Sir Jabez Hogg (left) taking a photograph of an unknown subject
The manifold uses and advantages of the Microscope crowd upon us in such profusion that we can only attempt to enumerate them in the briefest and most rapid manner...It is not many years since this invaluable instrument was regarded in the light of a costly toy; it is now the inseparable companion of...science. In the medical world, its utility and necessity are fully appreciated...knowledge which could not be obtained even by the minutest dissection is acquired readily by its assistance, which has become as essential to the anatomist and the pathologist as the scalpel and bedside observation. The smallest portion of a diseased structure, placed under a Microscope, will tell more in one minute...than could be ascertained by long examination of...disease in the ordinary method.
—Jabez Hogg, F.L.S., F.R.M.S. The
Microscope: Its History, Construction, and Application: Being a Familiar Introduction
to the Use of the Instrument, and the Study of Microscopical Science (First Edition, 1854)
"Electronic textbooks" are the wave of the future in education. Five paper-based versions of this manual were produced between 1987 and 1994, derived from much earlier notes made up in the early 1980's. The first version for the World Wide Web was made available in 1995.
Every revision since has added additional illustrations and accompanying text, but I make no pretense that this CD is comprehensive or complete. Just exactly what constitutes "complete" is a matter of opinion. I never suspected when I started this project that it would come to dominate my professional activities, and indeed my post-retirement ones. I suppose it will never be "completed" because I'll always be dissatisfied with something in it, or find some new image that just has to be included. So perhaps the best way to say it is that previous versions have been revised to make this one....which is and will remain a work in progress.
What I have created is intended as a manual to be used as a supplement to a good textbook. I taught the subject in veterinary schools, but the material has utility to anyone interested in histology, because in the microscope, everyone looks alike. What started originally as a set of short notes has become a fair-sized book, thanks in large measure to the thousands of DVM and MD students I've had the pleasure of teaching. Their willingness to provide comments and suggestions for improvements, and their frank and open criticism of its flaws (sometimes a little too frank for my author's vanity to be happy about) have improved it immeasurably, and I hope that anyone who uses it will feel free to make any further suggestions that might occur to them. Past experience assures me they will.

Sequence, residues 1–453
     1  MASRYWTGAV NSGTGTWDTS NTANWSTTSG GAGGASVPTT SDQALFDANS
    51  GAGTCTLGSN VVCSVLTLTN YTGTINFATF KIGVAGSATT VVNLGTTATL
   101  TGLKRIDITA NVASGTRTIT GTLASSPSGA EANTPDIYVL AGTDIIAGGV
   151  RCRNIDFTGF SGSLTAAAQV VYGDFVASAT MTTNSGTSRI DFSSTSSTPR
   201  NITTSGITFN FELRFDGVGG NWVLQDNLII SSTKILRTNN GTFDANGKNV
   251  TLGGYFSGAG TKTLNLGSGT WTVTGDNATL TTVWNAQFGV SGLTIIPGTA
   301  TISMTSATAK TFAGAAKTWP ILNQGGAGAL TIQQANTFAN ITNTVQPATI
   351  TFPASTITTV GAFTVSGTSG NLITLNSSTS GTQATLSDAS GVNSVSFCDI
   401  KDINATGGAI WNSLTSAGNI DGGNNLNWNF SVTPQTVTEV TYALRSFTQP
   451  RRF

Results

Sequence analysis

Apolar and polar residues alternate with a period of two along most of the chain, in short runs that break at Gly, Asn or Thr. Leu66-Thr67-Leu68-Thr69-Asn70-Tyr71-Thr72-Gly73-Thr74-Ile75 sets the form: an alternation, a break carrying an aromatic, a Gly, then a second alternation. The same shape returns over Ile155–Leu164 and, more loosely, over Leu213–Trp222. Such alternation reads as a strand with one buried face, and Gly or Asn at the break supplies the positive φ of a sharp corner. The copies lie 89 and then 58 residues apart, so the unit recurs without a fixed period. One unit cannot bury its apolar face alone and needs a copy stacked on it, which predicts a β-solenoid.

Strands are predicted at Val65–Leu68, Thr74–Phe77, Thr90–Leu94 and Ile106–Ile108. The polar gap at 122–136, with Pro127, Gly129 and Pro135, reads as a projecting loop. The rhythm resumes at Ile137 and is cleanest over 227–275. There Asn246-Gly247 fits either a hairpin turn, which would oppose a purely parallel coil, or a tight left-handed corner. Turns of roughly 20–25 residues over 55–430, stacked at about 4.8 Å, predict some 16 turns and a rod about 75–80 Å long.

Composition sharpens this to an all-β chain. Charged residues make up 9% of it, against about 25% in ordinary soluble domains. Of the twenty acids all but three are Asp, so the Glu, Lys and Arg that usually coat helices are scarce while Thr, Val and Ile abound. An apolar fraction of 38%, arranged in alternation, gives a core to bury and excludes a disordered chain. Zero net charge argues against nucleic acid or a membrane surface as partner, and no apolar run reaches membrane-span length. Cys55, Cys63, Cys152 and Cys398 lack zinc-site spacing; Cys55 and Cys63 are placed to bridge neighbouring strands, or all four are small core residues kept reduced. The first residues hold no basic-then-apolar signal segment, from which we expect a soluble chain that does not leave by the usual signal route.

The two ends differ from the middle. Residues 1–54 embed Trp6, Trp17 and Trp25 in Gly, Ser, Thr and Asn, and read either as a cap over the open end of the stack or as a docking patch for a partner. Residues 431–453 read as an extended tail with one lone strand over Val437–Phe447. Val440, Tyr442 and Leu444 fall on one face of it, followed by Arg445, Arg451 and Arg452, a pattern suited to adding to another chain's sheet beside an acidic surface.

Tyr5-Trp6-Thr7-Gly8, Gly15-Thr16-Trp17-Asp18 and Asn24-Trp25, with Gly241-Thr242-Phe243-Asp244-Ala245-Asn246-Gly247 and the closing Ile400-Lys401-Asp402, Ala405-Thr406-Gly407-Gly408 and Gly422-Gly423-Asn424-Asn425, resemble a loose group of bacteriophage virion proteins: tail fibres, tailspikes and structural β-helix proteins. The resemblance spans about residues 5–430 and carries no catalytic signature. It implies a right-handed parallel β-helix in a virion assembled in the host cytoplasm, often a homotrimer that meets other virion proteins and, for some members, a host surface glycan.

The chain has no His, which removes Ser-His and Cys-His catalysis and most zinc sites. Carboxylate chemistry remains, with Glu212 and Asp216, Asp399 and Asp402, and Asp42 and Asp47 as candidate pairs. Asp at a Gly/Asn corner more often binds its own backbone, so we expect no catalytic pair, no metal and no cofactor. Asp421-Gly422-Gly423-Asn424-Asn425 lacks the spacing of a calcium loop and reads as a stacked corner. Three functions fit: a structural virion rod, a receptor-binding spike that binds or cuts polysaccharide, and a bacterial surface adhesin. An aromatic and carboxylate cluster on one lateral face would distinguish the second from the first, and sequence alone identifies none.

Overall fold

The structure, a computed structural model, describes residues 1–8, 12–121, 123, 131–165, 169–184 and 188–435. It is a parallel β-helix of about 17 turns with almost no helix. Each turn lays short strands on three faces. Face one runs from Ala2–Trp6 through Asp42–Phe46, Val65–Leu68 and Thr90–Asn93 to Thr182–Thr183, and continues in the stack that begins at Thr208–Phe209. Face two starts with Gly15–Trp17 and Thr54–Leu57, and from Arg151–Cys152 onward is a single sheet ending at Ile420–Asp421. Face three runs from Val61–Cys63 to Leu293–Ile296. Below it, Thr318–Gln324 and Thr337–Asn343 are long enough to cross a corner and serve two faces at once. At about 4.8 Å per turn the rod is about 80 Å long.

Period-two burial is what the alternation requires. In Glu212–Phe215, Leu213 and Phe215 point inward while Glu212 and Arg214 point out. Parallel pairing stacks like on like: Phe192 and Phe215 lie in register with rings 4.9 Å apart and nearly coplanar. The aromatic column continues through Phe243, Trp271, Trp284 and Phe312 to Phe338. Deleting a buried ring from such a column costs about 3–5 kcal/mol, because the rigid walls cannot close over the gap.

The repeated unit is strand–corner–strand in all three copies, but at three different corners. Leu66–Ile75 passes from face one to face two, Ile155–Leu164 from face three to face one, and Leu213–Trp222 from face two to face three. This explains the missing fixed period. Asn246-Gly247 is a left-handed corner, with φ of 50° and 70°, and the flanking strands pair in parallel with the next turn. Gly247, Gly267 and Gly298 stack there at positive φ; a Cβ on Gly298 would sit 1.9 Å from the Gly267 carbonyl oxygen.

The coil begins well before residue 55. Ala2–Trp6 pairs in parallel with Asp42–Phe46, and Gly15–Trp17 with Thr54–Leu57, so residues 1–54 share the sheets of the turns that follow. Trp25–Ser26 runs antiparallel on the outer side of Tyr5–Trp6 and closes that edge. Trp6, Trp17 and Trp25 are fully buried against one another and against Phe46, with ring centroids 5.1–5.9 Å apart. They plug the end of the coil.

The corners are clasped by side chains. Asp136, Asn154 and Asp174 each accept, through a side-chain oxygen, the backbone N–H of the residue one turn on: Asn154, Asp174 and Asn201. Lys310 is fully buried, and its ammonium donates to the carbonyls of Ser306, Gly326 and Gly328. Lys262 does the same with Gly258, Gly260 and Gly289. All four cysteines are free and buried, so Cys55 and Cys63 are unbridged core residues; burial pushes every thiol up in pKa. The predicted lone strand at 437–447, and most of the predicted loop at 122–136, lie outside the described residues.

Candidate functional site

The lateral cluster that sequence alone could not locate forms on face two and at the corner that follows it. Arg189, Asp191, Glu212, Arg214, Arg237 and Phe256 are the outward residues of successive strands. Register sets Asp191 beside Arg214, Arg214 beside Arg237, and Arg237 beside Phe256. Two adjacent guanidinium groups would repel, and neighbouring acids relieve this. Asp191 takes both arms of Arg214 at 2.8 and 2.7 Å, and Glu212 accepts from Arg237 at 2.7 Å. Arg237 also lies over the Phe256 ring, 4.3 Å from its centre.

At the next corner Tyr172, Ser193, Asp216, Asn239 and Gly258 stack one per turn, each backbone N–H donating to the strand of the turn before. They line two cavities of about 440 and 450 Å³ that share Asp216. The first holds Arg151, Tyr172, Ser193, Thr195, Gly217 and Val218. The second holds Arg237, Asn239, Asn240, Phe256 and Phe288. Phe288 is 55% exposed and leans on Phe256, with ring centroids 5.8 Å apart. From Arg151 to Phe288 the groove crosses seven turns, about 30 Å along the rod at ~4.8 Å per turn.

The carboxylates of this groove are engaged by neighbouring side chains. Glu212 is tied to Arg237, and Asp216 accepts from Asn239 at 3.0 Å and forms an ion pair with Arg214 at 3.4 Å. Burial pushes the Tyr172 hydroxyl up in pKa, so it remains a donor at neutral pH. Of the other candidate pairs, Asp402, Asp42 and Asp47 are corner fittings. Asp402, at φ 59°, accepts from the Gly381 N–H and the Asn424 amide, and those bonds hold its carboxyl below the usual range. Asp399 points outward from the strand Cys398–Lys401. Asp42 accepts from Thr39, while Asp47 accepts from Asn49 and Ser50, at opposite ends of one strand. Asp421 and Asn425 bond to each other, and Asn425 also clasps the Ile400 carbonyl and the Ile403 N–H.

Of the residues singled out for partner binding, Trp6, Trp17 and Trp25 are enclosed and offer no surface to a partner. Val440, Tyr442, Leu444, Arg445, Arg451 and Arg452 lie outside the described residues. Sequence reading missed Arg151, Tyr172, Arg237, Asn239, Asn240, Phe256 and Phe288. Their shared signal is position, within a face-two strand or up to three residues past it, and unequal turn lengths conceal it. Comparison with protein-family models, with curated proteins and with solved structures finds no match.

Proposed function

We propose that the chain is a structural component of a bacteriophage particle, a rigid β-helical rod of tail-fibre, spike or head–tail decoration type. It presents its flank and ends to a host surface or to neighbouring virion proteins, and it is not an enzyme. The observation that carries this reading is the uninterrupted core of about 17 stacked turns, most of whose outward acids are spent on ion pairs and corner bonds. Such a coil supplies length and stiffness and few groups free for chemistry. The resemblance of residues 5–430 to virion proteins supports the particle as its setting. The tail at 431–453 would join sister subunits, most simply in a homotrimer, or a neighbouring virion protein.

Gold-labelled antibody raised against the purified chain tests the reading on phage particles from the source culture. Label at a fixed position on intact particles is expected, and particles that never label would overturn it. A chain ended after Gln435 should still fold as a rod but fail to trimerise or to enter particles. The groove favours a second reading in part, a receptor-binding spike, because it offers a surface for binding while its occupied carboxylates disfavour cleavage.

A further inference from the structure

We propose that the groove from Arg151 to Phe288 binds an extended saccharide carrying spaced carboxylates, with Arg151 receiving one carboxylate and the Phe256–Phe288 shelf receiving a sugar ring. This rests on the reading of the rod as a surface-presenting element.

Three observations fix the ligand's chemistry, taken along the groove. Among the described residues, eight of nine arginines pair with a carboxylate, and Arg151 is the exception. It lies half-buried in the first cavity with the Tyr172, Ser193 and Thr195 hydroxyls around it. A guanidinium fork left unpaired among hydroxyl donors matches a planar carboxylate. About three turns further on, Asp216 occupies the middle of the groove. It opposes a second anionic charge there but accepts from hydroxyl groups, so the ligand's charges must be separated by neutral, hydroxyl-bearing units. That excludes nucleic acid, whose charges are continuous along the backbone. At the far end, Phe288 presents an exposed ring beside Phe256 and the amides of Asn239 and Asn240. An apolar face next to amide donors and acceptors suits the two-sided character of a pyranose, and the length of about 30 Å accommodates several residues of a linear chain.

In writing these exercises, I've given free rein to my natural tendency to garrulousness. I suppose they're just a teensy bit wordier than is absolutely necessary, but so what? I had fun writing them, and I'm the kind of person who never uses one word where six will do. There are a lot of asides and footnotes in here not because they're all that important but because I thought they were interesting in context. The life sciences are a continuum, and the scientists of the past are as important to us as those of the present day, so I have thrown in a lot of names and dates. Modern medicine is built on the foundations they laid down. Most of the structures described and shown here were discovered between 1850 and 1950, and represented new and exciting discoveries in their time; they are no less exciting because they aren't new anymore.
Sir Isaac Newton once remarked that "If I have seen farther than other men, it is because I have stood on the shoulders of giants," and it's my belief that great scientists like Purkinje and Golgi and their contemporaries were giants who should be remembered and honored.
Blacksburg, Virginia, Christmas Day, 2015
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